A significant industrial application of piperidine is for the production of dipiperidinyl dithiuram tetrasulfide, which is used as a rubber vulcanization accelerator.[6]

List of piperidine medications[edit]

Piperidine and its derivatives are ubiquitous building blocks in the synthesis of pharmaceuticals and fine chemicals. The piperidine structure is e.g. found in the pharmaceuticals:

Piperidine is also commonly used in chemical degradation reactions, such as the sequencing of DNA in the cleavage of particular modified nucleotides. Piperidine is also commonly used as a base for the deprotection of Fmoc-amino acids used in solid-phase peptide synthesis.

Piperidine is listed as a Table II precursor under the United Nations Convention Against Illicit Traffic in Narcotic Drugs and Psychotropic Substances due to its use (peaking in the 1970s) in the clandestine manufacture of PCP (1-(1-phenylcyclohexyl)piperidine, also known as angel dust, sherms, wet, etc.).[19]


  1. ^ International Chemical Safety Card 0317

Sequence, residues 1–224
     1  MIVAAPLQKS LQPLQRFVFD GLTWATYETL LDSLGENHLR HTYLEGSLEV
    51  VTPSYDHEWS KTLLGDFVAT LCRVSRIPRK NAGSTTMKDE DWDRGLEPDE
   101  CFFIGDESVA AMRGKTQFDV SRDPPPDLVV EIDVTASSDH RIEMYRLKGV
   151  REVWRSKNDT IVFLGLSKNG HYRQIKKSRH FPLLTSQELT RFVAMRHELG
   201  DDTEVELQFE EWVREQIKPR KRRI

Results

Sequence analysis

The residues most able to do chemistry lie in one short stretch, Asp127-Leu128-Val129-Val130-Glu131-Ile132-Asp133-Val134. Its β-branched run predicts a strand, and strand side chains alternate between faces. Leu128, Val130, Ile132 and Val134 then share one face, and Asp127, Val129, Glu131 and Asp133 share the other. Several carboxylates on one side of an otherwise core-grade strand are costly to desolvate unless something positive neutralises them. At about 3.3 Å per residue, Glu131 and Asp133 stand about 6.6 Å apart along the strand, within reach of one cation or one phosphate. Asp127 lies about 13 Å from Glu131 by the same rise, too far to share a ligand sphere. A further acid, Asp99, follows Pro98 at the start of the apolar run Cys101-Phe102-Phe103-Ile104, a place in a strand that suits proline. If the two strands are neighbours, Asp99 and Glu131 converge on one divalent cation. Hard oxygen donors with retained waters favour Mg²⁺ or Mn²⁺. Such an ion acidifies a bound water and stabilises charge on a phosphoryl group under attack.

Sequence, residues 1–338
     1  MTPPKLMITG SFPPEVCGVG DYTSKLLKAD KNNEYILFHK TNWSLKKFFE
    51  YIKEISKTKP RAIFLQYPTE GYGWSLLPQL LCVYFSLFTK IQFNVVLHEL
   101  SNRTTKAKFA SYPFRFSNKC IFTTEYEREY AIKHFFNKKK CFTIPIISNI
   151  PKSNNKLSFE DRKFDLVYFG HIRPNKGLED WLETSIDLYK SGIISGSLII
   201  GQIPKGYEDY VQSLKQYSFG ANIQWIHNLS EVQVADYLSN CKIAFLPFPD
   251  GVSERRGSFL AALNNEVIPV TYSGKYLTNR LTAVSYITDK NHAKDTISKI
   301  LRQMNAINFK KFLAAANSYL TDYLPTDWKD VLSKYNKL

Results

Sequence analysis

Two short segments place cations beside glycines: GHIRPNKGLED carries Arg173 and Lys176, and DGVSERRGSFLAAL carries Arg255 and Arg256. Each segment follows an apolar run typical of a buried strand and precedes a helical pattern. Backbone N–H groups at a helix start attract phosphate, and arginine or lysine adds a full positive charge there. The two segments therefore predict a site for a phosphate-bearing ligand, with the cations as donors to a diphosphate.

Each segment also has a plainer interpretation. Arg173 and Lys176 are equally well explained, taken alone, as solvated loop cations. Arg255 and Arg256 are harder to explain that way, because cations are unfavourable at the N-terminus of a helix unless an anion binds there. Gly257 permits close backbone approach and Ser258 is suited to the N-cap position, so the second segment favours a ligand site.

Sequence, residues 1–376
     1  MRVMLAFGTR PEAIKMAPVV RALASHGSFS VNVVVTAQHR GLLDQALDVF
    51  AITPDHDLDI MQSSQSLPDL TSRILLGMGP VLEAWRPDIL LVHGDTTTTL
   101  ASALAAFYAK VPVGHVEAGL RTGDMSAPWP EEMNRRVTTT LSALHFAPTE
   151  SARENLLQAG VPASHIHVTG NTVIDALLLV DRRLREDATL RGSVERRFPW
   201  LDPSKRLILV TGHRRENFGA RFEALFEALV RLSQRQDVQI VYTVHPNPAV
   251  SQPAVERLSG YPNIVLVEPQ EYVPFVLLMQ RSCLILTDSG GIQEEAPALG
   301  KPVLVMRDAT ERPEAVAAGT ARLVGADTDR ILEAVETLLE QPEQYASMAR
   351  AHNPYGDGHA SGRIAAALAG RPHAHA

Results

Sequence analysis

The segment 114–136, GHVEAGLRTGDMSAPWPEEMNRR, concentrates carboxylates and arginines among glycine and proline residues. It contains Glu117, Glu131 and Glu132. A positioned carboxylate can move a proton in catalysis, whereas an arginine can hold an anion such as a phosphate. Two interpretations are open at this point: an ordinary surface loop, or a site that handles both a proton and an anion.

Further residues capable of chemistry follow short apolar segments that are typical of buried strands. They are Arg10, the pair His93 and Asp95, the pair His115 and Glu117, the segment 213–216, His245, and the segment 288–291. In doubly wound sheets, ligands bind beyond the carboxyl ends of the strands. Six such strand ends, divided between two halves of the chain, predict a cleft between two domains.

2. ^ Hall, H.K. (1957). "Correlation of the Base Strengths of Amines". J. Am. Chem. Soc. 79: 5441. doi:10.1021/ja01577a030. 
  3. ^ Frank Johnson Welcher (1947). Organic Analytical Reagents. D. Van Nostrand. p. 149. 
  4. ^ Alexander Senning (2006). Elsevier's Dictionary of Chemoetymology. Amsterdam: Elsevier. p. publisher=Elsevier. ISBN 0-444-52239-5. 
  5. ^ See:
    • Edgar W. Warnhoff (1998) "When piperidine was a structural problem," Bulletin of the History of Chemistry, 22 : 29-34. Available on-line at: University of Illinois
    • Thomas Anderson (1850) "Vorläufiger Bericht über die Wirkung der Salpetersäure auf organische Alkalien" (Preliminary report on the effect of nitric acid on organic alkalies), Annalen der Chemie und Pharmacie, 75 : 80-83 ; see p. 82.
    • Auguste Cahours (1852) "Recherches sur un nouvel alcali dérivé de la pipérine" (Investigations of a new alkali derived from piperine), Comptes rendus, 34 : 481-484. Cahours named piperidine on p. 483: "L'alcali nouveau dérivé de la piperine, que je désignerai sous le nom de piperidine, … " (The new alkali derived from piperine, which I will designate by the name of piperidine, … ") (Note: Cahours' empirical formula for piperidine, C10H11N, is wrong because, like many chemists at that time, he used the wrong atomic mass for carbon, 6 instead of 12.)